Suicide enablers could face prison  

State Sen. Barry Finegold, D-Andover, has filed a bill that would set a maximum sentence of five years in prison for anyone who "intentionally coerces or encourages that person to commit or attempt to commit suicide." 

Suicide enablers could face penalties and even prison under a proposal inspired by the case of Michelle Carter, who was convicted more than three years ago of using text messages to goad her boyfriend into killing himself.

A bill filed by state Sen. Barry Finegold, D-Andover, would set a maximum sentence of five years in prison for anyone who "intentionally coerces or encourages that person to commit or attempt to commit suicide" by using physical acts or mental coercion that manipulate "a person’s fears, affections or sympathies."

The proposal is named after 18-year-old Conrad Roy III, of Mattapoisett, who killed himself in 2014 after a battle with mental illnesses.

Finegold, a lawyer who filed a similar bill in the previous session, said Massachusetts is among a minority of states without a law making suicide by coercion a crime.

"Most other states already have made it illegal to encourage or provide the resources for someone else to commit suicide," he said. "The tragic death of Conrad Roy made it clear that Massachusetts is not equipped to deal with scenarios like this."

Finegold said the law would send "a clear message that coercing another person to commit suicide is not only unacceptable, but subject to criminal liability."

Carter, of Plainville, was found guilty of involuntary manslaughter in June 2017 following a bench trial that drew national headlines.

A Superior Court judge determined she caused Roy’s death when she told him to "get back in" his truck as it was filling with carbon monoxide in a parking lot in Fairhaven.

Carter's attorneys appealed to the U.S. Supreme Court, but it declined to take up the request.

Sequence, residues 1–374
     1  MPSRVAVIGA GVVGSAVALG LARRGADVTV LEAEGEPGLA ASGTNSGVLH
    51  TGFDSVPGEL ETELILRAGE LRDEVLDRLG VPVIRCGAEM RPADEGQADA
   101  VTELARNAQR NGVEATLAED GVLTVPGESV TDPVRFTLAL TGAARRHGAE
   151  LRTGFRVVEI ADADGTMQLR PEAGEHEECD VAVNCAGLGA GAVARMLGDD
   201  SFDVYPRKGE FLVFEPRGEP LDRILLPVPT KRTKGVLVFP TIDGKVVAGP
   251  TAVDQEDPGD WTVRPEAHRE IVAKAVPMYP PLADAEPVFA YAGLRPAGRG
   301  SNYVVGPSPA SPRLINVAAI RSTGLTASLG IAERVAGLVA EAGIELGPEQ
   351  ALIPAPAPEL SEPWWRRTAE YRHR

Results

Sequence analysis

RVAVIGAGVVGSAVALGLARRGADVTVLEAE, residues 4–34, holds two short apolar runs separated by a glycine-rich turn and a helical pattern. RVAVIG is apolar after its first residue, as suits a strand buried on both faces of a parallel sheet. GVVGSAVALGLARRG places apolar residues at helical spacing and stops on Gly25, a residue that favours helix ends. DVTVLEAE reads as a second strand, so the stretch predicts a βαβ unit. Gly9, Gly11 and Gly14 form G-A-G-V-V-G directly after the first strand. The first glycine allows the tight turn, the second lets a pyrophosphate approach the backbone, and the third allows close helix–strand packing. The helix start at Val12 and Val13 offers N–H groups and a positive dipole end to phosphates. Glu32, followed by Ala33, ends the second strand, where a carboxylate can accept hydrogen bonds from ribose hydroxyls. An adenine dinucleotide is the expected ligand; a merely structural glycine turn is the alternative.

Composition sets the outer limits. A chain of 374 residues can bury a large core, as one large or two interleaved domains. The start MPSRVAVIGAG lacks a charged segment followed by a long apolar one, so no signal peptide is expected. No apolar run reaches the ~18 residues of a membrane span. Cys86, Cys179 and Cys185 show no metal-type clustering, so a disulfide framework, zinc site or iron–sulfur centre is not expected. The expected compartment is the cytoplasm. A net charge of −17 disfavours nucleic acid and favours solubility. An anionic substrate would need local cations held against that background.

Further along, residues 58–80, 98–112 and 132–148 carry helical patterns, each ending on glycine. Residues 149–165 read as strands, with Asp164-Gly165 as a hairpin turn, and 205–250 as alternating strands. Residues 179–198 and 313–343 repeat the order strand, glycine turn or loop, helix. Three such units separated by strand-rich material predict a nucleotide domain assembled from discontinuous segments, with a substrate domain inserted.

The case highlighted what legal experts say are myriad difficulties in punishing those who encourage others to kill themselves.

Conrad Roy's mother, Lynn Roy, helped craft the bill named after her son. In a statement with the original proposal, she said she hopes it will "prevent future tragedies."

While Massachusetts has one of the lowest suicide rates in the nation, the number of suicide deaths has been increasing for more than a decade, according to the state Department of Public Health.

In 2018, there were 725 suicides in Massachusetts — more deaths than those attributed to car crashes and homicides combined, according to the department. That’s a 6.3% rise from the previous year and a 67% increase from 2004, when there were 433 suicide deaths in the state.

Recent studies suggest the pandemic has put even more strain on the mental health care system amid rising levels of anxiety and depression, particularly among young people.

Finegold said he has refiled another proposal that would require training teachers and students to detect warning signs of isolation, interpersonal violence and suicide.

Christian M. Wade covers the Massachusetts Statehouse for The Salem News and its sister newspapers and websites. Email him at


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